Jenna Coleman is one of the most celebrated actors in Britain today. After cutting her teeth on Emmerdale as Jasmine Thomas, she moved from soap to science fiction when she went on to become the companion Clara Oswald in Doctor Who, first playing opposite Matt Smith’s Eleventh Doctor and later appearing with Peter Capaldi, the Twelfth Doctor.
And although Doctor Who catapulted Jenna Coleman to international stardom, the BBC’s long-running science fiction show is far from the only television programme that she has appeared in – indeed since leaving the TARDIS Coleman’s career has continued to go from strength to strength.
Here we will countdown some of Jenna Coleman’s best performances, from early television roles all the way through to some of her most recent work.
So, if you love drama, science fiction and are ready to be entertained – you are tuned into the right article.
Let us begin…
Room at the Top (2013)
Coleman received praise for her portrayal of Susan Brown in this adaptation of John Baine’s novel set in Yorkshire in the 1940s. This gritty tale that revolves around a love triangle sees Coleman acting opposite some seriously great talent in the shape of Maxine Peake and Matthew McNulty, but she more than rises to the challenge in a very engaging drama.
Waterloo Road (2009)
Being in Waterloo Road, a school-set drama from the UK, is a right of passage for many actors of a certain generation, and Coleman is no exception. The popular drama saw Coleman play pupil Lindsay James who goes from being a star student to murdering her abusive father to keep her little sister safe. A role for Coleman that showed just how talented she was, taking on such a dark and deep storyline so early in her career.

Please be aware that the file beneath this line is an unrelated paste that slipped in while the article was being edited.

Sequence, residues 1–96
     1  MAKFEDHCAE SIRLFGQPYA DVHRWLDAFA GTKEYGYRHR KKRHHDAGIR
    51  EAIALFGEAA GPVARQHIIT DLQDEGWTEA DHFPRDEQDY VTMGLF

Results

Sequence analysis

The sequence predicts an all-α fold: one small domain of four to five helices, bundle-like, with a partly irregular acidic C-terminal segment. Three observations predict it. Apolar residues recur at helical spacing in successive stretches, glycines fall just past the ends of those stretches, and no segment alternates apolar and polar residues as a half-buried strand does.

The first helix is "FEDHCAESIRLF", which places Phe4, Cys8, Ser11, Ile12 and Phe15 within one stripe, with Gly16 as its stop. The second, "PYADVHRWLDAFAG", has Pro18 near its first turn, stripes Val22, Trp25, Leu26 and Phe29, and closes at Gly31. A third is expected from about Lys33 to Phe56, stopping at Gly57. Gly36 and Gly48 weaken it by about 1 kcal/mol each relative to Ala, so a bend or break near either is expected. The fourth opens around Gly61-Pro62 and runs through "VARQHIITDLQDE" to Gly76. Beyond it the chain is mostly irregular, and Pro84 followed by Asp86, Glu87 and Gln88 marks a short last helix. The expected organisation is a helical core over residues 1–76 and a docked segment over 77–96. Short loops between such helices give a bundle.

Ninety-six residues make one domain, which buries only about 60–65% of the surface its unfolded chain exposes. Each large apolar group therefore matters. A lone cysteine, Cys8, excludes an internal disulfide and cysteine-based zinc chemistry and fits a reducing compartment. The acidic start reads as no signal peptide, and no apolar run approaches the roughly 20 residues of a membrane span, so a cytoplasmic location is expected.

Death Comes to Pemberley (2013)
This show is a prequel to Pride and Prejudice and see Jenna Coleman play Lydia Wickham, the sister of Elizabeth, played by Anna Maxwell-Martin. Mathew Rhys plays Darcy in this dark and moody adaptation where Coleman gives a fantastic performance as a character who can offer light within an at times rather gloomy outlook on screen.
The Cry (2018)
This moving and gripping drama saw Jenna Coleman take on the complex and challenging role of Joanna, a mother in Australia who must attempt to deal with the disappearance of her baby. A masterclass in dramatic acting, this performance quite rightly won critical and popular acclaim as Coleman takes the audience on a journey through grief, suspicion, panic and turmoil.
The Serpent (2021)
Based on the life of Charles Sobhraj, played in this mini-series by Tahar Rahim, The Serpent reveals the dark truth behind the story of a man in 1970s Bangkok who people believe is a gem dealer, but actually turns out to be a criminal. Coleman plays Marie-Andrée Leclerc, his girlfriend, and takes the viewer on a rollercoaster journey as the events and actions of him and them start to become clear to us all.
Taking on the role of a Queen is never easy, but Jenna Coleman delivers the story of a young Queen Victoria, her meeting and falling in live with Prince Albert and the struggles of a woman to lead a country dominated by men with aplomb. This excellent story from Daisy Goodwin allows Coleman to be both strong and at the same time vulnerable as she grows into a position that will become remembered as one of the great reigns in the British crown’s history.
The Sandman (2022)
Coleman delighted audiences more recently on Netflix as she appeared as Johanna Constantine in the Netflix adaptation of Neil Gaiman’s beloved story. great-great-great-grandmother of John Constantine, fans enjoyed seeing Jenna Coleman in a fantasy role, which still a long way from Doctor Who, perhaps was more of a nod to the show that made her into an international star.
Doctor Who (2012-2017)
Travelling through space and time with not one, but two Doctors, Jenna Coleman’s Clara Oswald is one of the most interesting of the modern era as she has to develop a bond with a changing Timelord while continuing to stay alive when the baddies are on the scene. As with all Doctor Who characters, Clara divides opinions with some fans – but overall, this role from Jenna Coleman is delivered with style and versatility – quite rightfully elevating her onto the world stage.